Whether you want to retire, start a new business, or protect your personal finances, consider these strategies to exit your business.


The COVID-19 crisis forced many small business owners to make tough decisions about whether they want to continue investing in their current business or prioritize other goals, like starting a new business down the road, buying a home, or paying for a child’s education. If you have assessed your situation and decided now is the time to consider an exit, it’s important to consider the many options available, from selling part or all of your business to winding it down completely. Use these questions to help you determine your next steps. Once you’ve determined them, the worksheet at the end, which includes details and term definitions, may be able to help you get started.


How much is your business worth?

You may have a rough idea of what your business is worth based on your current revenue, profitability, or balance sheet. But if you’re thinking of potential exit strategies, a ballpark figure isn’t enough. You need to have a clear, detailed understanding of what your business is worth before you can decide how to move forward. There are a number of ways to value a business, which is important to consider if you haven’t been profitable in the last year due to COVID-19 closures or other unforeseen circumstances.

  • The asset approach to valuation includes all tangible assets the business owns and subtracts liabilities.
  • The market approach considers the market value of other companies in the same industry to arrive at a figure for your own business.
  • The income approach is calculated using net cash flow, or profitability.



Action tip: Consider using a professional appraiser. Business appraisals are similar to home appraisals: both provide an unbiased assessment of value.


Does a sale make sense?

A sale may be the best way to cash in on the value in your business. But a sale doesn’t make sense for everyone. To help you determine if you’re ready to sell, and which type of sale might make sense, start by thinking about whether you’re comfortable relinquishing control of the business (and how much). Remember, there are many ways to structure a sale, it’s not just selling and walking away. And interest rates are currently at record lows, making it easier for businesses to do deals if you’re ready.

  • Outright sale: The traditional idea of a “sale,” where you transfer ownership immediately and receive payment immediately.
  • Partial sale: Selling a stake of your business to raise capital. This can be done so you retain majority control of your business.
  • Gradual sale: A long-term payment plan for buyers who can’t afford immediate payment.
  • Revenue or profit share: May include an upfront payment similar to an outright sale, but includes terms that allow you a share of revenue or profits going forward.

It’s important that you look for buyers who agree to your terms and vision, as there’s often an intangible and emotional component to selling a business.  


Action tip: Strategically, you may want to consider selling to a competitor. However, this can be a more complex process. If you go this route, be confident in your valuation, divulge information gradually, and be ready to walk away if they refuse to budge on terms that are important to you. Working with a team of professionals — like bankers, lawyers, or even a business broker — can help.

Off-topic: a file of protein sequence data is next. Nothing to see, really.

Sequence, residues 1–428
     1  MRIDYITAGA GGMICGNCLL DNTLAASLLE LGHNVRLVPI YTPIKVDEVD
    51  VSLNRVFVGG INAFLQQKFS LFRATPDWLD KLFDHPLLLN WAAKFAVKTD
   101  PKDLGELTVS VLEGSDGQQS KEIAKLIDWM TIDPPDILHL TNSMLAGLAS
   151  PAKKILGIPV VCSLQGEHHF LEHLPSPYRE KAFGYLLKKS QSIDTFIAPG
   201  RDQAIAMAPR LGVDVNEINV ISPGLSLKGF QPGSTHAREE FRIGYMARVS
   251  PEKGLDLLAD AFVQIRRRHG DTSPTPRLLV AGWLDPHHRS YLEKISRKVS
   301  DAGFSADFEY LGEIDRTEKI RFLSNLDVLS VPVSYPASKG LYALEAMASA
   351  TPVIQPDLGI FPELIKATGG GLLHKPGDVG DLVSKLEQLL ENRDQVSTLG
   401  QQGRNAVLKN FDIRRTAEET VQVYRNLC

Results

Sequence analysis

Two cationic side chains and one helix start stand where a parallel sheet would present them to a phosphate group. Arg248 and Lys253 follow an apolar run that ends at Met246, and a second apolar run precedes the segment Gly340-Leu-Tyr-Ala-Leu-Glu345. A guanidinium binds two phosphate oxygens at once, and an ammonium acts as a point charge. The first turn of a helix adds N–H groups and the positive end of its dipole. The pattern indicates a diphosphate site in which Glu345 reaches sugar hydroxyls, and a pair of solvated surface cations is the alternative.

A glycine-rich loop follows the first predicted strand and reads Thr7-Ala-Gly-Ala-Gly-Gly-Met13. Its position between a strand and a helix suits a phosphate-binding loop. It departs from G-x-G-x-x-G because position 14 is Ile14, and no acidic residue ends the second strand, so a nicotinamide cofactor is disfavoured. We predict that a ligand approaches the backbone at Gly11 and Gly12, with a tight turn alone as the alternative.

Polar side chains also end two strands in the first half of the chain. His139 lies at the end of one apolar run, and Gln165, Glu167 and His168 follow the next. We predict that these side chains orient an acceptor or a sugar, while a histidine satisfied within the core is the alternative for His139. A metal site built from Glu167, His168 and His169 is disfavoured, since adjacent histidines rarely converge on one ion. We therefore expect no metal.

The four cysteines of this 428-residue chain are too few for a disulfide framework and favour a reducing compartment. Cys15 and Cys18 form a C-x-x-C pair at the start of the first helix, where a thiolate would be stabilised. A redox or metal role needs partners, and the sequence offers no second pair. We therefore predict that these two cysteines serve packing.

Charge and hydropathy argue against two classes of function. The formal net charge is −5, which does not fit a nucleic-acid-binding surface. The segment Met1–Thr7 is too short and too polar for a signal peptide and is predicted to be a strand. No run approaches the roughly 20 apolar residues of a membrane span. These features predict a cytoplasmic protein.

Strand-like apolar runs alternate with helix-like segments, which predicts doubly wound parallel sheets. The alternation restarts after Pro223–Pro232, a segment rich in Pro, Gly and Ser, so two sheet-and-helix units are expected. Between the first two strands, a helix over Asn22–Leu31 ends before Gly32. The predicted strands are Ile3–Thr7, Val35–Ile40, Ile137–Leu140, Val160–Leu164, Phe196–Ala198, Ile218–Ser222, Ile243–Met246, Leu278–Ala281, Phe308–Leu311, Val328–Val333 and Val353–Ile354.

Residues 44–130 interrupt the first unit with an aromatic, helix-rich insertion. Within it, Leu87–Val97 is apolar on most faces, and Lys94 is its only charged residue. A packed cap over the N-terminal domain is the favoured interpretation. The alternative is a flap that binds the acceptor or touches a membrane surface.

Does it make sense to liquidate and move on?

The Business Transition Planning team at Wells Fargo Private Bank says it almost always makes sense to explore a sale first, since businesses tend to have the most value when they are operating (because of the value of your client list and other intangible assets). But in some cases, particularly if you’ve been shut down or operating at partial capacity, or if you have a wealth of inventory and/or machinery, liquidation may make sense. If you decide on this path, consider the different types of sales for your assets: consignment, internet or sealed bid auctions, and retail are the most common. In addition to any fees that may be charged if you use an intermediary to help you sell assets, keep in mind that the liquidation value of assets is generally 20% less than retail value.


Action tip: Experts recommend using a non-recourse bill of sale, which means that the buyer accepts the risks associated with the goods they’re buying. This will help you move on to new ventures with a clean slate.


Are you ready for next steps?

If you decide you’re ready to move on, there are a number of logistical steps that you’ll need to complete. You’ll need to speak with vendors, lenders, and suppliers about payoff options and contract cancellations. (If you sell, these may be transfers instead of cancellations.) Next, cancel or transfer all registrations, permits, and licenses associated with your business.  


Action tip: There may be tax implications in either a sale or liquidation. A professional can help you assess the situation. (If you aim to claim tax credits associated with a liquidation, make sure you file dissolution documents.)


How you decide to wind down your business can help pave the way for future opportunities, both personal and professional. Perhaps exiting your current business will free up the time and money you need to open a new business you’ve always dreamed of. Our worksheet can help you dive deeper into some of the questions raised in this article about whether you’re ready to move on.